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The Hatchet's Blood
Separation, Power, and Gender in Ehing Social Life
By Marc R. Schloss
178 pp. / 6.00 in x 9.00 in / 1992
Paper (978-0-8165-1364-2) [s]
  
Series
  - The Anthropology of Form and Meaning

Related Interest
  - Anthropology


The ritual complexes of the Ehing, a farming people of southern Senegal, embody an elaborate set of prohibitions on social behavior and prescribe the general rules of Ehing social organization. Power
Winner of the Amaury Talbot Prize for African Anthropology


This account of the Ehing people of Senegal examines the cultural meanings embedded in ritual, myth, and belief and does so within the broad framework of symbolic anthropology. . . . In examining the relationship between symbols and social life, this clearly written and closely reasoned book confronts a perennially important question in anthropological theory. . . . Clearly written and closely reasoned.

—American Anthropologist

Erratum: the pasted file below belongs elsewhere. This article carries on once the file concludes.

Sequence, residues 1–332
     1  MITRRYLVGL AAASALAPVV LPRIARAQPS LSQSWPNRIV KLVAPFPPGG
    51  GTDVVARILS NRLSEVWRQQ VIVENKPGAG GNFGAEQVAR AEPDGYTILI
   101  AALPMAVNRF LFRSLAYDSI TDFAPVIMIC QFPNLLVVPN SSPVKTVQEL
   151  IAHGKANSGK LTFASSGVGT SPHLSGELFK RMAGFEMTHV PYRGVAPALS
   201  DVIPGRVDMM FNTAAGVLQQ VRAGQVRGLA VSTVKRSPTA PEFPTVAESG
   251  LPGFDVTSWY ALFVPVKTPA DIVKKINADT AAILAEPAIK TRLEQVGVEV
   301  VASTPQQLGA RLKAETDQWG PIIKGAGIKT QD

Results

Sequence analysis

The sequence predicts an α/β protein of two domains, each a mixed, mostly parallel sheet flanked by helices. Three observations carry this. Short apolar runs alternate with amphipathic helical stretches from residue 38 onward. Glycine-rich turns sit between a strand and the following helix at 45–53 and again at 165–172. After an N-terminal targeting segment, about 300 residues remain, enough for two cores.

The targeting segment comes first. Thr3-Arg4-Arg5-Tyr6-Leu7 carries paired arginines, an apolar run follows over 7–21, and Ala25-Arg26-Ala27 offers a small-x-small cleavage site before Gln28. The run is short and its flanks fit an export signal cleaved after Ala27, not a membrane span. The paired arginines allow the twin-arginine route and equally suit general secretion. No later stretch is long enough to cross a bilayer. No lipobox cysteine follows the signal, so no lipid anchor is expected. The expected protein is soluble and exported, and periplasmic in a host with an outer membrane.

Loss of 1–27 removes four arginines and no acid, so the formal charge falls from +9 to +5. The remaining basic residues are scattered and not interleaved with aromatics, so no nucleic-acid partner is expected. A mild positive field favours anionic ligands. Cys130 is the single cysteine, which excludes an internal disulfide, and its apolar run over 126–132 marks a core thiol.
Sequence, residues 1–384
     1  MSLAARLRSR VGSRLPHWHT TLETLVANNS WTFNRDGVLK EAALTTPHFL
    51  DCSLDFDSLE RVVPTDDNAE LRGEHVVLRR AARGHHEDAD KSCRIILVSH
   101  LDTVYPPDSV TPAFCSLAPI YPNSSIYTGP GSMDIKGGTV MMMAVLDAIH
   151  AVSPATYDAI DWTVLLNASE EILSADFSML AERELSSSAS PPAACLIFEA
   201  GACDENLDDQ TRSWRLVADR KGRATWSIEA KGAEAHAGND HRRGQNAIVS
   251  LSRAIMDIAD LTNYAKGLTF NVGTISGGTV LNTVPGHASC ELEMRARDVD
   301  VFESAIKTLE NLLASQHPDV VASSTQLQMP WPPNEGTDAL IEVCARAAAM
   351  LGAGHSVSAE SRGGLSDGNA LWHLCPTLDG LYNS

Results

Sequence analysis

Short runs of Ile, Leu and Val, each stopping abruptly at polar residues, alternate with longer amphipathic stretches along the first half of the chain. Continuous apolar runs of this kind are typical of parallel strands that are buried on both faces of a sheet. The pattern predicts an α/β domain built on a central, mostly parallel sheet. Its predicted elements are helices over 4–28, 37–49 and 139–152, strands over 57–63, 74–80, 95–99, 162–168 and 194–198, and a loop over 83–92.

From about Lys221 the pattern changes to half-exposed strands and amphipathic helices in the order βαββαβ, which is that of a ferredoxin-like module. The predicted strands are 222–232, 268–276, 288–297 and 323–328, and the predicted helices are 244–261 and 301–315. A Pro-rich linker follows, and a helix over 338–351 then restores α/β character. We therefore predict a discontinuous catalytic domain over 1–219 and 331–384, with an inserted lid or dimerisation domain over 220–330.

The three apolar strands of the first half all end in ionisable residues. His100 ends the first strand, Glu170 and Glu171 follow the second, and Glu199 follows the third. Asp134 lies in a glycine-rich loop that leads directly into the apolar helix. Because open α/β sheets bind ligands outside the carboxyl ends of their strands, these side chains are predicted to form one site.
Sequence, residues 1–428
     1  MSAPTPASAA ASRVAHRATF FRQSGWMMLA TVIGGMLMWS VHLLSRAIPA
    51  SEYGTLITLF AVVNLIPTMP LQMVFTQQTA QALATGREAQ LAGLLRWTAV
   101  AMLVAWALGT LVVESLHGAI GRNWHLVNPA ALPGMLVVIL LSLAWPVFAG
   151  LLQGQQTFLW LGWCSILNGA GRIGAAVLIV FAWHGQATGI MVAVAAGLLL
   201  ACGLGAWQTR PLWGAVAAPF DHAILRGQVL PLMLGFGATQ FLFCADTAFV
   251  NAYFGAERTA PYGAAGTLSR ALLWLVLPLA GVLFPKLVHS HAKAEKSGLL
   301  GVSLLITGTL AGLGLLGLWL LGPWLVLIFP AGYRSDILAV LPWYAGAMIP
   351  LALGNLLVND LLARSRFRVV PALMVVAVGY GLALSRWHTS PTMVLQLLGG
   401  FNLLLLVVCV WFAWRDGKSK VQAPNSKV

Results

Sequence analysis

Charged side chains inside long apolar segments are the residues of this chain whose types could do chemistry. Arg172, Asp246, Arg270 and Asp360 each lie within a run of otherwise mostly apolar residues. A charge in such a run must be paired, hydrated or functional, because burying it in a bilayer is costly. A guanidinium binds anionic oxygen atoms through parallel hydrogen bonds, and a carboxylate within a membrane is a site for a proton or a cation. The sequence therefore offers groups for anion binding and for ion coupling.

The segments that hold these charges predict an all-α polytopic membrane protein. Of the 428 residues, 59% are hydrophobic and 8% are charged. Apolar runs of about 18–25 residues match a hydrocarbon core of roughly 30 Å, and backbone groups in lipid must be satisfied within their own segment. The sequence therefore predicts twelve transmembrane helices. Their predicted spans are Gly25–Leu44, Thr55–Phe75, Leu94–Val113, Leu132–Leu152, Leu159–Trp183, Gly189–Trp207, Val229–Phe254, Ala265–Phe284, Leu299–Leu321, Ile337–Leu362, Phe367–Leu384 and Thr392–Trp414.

Ethnography at its best: a rich immersion in a foreign system carried out in a theoretically sophisticated way. . . . Non-Africanists would also do well to consider using it in courses on comparative kinship and religion.

—American Ethnologist

is distributed and maintained in Ehing culture by the concept of Odieng ("hatchet"), which as a spirit acts upon human beings much as an ax does upon a tree, falling from above to punish its victims for transgression. Marc Schloss's ethnography of the Ehing is a study of the meaning of Odieng's power, explaining why its rules are so essential to the Ehing way of life.


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